While it is true, as generations of psychologists have found, that “who we are and who we become depends, in part, on whom we love” — a process known as limbic revision — it is also true, as generations of self-aware humans have found, that whom we love depends in large part on who we already are. Our original wounds, our formative attachments, our patterned longings all shape how we engage with those we have chosen to love, to the extent that we are choosing them at all. “People can’t, unhappily, invent their mooring posts, their lovers and their friends, anymore than they can invent their parents,” James Baldwin astutely observed in contemplating the paradox of freedom. “Life gives these and also takes them away and the great difficulty is to say Yes to life.”

The great difficulty, too, is how easily those life-expanding Yeses that can open larger vistas of possibility come fear-concealed as Nos, or how those life-preserving Nos that keep us from entering into experiences too damaging or too small for us bear the momentum of pre-conditioned Yeses. And so we project who we are and what we need onto those we love, and find in them reflections of who we long to be or fear we might be, swarming them and swarming ourselves in all the blooming buzzing confusion of our unmet needs.

Illustration by Margaret C. Cook for a rare 1913 edition of Walt Whitman’s Leaves of Grass. (Available as a print.)

This is not to demean and diminish love as a mere process of projection — Stendhal’s seven-stage delusion of crystallization and decrystallization — or a mere process of reflection — Ortega’s insightful but limited and limiting theory of what our lovers reveal about us — but to honor the elemental fact that each relationship is not between two people, but between three: the two partners, each with their pre-existing patterns of love and loss, and the third presence of the relationship itself — an intersubjective co-creation that becomes the third partner, endowed with the power to deepen those patters, or to change them.

The great peril and great possibility of every love is that this third partner can be a rewounder masquerading as a healer, and equally a healer in disguise, masked beyond recognition by our own patterned way of seeing. So much of our suffering springs from this confusion and so much of our sanity is redeemed when at last we shed our own blinding masks and come to kneel at the fount of clarity.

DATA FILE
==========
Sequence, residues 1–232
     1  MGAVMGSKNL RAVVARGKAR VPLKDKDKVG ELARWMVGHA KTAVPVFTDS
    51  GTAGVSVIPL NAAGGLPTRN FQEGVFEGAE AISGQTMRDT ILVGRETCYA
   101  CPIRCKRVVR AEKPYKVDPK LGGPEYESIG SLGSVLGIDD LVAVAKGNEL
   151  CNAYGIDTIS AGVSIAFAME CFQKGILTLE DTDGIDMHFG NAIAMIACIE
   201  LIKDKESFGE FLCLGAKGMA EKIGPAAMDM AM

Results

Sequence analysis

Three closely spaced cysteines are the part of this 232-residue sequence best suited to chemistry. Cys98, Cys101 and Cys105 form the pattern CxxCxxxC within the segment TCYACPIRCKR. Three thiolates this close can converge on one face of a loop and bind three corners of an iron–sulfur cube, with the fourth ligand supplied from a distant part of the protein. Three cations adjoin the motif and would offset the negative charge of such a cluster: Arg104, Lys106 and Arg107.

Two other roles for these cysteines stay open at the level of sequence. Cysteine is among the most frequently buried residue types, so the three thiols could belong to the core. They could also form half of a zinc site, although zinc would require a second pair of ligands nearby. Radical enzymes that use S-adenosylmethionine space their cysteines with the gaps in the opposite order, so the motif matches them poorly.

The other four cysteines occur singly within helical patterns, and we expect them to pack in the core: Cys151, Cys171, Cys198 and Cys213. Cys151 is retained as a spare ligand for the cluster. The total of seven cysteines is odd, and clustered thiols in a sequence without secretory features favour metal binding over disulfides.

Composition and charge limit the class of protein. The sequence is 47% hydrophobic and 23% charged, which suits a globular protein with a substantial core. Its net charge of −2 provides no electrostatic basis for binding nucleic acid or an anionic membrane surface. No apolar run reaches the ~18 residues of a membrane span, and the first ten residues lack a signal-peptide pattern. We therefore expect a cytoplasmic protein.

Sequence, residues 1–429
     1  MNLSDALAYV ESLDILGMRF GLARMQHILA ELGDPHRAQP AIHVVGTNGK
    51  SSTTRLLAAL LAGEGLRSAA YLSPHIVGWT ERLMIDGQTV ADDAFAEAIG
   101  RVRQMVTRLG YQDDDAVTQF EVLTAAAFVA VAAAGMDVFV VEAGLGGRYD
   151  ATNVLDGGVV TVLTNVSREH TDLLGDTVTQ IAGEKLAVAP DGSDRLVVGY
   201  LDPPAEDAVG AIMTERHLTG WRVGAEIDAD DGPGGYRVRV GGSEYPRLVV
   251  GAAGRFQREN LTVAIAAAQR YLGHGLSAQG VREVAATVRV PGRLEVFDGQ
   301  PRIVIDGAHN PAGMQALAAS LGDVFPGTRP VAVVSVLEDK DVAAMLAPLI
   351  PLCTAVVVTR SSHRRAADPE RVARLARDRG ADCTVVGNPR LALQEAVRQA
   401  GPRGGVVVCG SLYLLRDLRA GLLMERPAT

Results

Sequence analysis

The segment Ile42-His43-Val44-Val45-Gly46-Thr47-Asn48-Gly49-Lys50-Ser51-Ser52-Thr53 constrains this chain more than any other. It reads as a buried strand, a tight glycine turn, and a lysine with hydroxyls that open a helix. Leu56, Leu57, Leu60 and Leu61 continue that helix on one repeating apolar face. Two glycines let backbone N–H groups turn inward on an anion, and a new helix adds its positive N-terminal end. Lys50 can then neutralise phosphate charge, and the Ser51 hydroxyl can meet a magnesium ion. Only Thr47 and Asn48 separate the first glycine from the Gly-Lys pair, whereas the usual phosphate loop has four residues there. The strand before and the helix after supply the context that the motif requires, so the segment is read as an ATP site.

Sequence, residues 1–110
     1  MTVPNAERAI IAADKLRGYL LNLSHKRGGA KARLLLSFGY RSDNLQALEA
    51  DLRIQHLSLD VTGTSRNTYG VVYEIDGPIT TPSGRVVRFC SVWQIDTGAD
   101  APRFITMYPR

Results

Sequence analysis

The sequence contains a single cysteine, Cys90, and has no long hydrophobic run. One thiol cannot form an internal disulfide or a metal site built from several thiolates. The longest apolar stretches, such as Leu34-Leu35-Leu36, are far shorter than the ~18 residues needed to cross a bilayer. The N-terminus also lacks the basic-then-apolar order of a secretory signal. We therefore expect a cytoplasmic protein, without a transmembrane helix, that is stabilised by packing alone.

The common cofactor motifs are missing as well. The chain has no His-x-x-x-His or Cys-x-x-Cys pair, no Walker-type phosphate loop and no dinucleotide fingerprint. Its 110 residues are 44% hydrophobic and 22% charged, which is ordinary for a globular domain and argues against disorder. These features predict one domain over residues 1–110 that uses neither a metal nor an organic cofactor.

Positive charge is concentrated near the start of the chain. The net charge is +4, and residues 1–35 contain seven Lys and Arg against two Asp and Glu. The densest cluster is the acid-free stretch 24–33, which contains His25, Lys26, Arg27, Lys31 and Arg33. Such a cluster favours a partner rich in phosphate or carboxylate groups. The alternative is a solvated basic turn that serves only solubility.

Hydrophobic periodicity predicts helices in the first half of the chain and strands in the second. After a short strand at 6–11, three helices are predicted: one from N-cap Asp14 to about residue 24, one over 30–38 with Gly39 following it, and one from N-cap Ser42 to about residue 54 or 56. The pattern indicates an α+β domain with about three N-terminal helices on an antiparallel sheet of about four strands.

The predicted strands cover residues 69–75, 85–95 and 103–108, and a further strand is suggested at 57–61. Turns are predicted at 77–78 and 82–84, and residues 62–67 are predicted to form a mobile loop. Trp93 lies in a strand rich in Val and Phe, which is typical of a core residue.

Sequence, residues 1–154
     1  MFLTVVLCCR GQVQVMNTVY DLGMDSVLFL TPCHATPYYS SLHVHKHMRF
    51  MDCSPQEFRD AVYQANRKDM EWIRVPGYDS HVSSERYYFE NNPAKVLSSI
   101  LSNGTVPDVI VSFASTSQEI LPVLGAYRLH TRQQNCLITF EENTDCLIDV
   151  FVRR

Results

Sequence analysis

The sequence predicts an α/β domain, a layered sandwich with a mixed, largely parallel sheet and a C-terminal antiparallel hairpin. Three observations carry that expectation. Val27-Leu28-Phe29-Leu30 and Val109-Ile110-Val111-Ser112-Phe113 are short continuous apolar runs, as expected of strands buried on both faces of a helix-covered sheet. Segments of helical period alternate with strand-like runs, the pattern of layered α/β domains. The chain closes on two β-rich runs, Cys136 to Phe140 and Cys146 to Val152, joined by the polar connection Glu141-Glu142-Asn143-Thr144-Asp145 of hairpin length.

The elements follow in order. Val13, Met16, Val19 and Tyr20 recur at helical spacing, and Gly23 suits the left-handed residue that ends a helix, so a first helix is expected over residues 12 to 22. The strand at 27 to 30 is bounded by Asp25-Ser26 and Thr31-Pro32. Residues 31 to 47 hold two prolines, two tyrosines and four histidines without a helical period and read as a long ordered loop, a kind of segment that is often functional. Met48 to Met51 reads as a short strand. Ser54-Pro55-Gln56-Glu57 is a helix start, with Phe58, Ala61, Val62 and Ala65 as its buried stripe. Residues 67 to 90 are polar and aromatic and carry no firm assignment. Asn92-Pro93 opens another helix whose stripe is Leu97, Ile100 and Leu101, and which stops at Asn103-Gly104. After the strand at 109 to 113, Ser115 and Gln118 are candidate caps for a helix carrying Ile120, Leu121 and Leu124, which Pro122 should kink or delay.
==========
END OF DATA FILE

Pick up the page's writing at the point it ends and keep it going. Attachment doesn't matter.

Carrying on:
That is what George Saunders explores in his immensely insightful and sensitive annotated reading of Chekhov’s short story “The Darling” — one of the seven classic Russian short stories he examines as “seven fastidiously constructed scale models of the world” in A Swim in a Pond in the Rain: In Which Four Russians Give a Master Class on Writing, Reading, and Life (public library), using each as a portable laboratory for the key to great storytelling.

Art by Margaret C. Cook for Leaves of Grass. (Available as a print.)

After a beautiful translation of “The Darling” — a story about a woman who loves four very different people the same patterned way, the only way she knows how, which has entirely to do with her learned understanding of love and nothing to do with its objects, and so she suffers greatly when each of these loves leaves her in the same lonely place; a story the essence of which Saunders captures perfectly as being “about a tendency, present in all of us, to misunderstand love as ‘complete absorption in,’ rather than ‘in full communication with'” — he pauses to marvel at Chekhov’s subtlety in challenging our reflex toward lazy binaries, his mastery in training our muscle of ambiguity, uncertainty, and nuance — which is, of course, the only we grasp and savor the full Yes of life. Saunders writes:

We see Olenka’s mode of loving, from one angle, as a beautiful thing: in that mode, the self disappears and all that remains is affectionate, altruistic regard for the beloved. From another angle, we see it as a terrible thing, the undiscriminating application of her one-note form of love robbing love of its particularity: Olenka, love dullard, vampirically feeding upon whomever she designates as her beloved.

We see this mode of loving as powerful, single-pointed, pure, answering all questions with its unwavering generosity. We see it as weak: her true, autonomous self is nowhere to be found as she molds herself into the image of whatever male happens to be near her (unless he’s a cat).

This puts us in an interesting state of mind. We don’t exactly know what to think of Olenka. Or, feeling so multiply about her, we don’t know how to judge her.

The story seems to be asking, “Is this trait of hers good or bad?”

Chekhov answers: “Yes.”

Elemental by Maria Popova. (Available as a print and as a face mask.)

The story, like every great work of fiction, becomes a mirror for reflection on the most intimate realities of life. Saunders writes:

We want to believe that love is singular and exclusive, and it unnerves us to think that it might actually be renewable and somewhat repetitive in its habits. Would your current partner ever call his or her new partner by the same pet name he/she uses for you, once you are dead and buried? Well, why not? There are only so many pet names. Why should that bother you? Well, because you believe it is you, in particular, who is loved (that is why dear Ed calls you “honey-bunny”), but no: love just is, and you happened to be in the path of it. When, dead and hovering above Ed, you hear him call that rat Beth, your former friend, “honey-bunny,” as she absentmindedly puts her traitorous finger into his belt loop, you, in spirit form, are going to think somewhat less of Ed, and of Beth, and maybe of love itself. Or will you?

Maybe you won’t.

Because don’t we all do some version of this, when in love? When your lover dies or leaves you, there you are, still yourself, with your particular way of loving. And there is the world, still full of people to love.

BP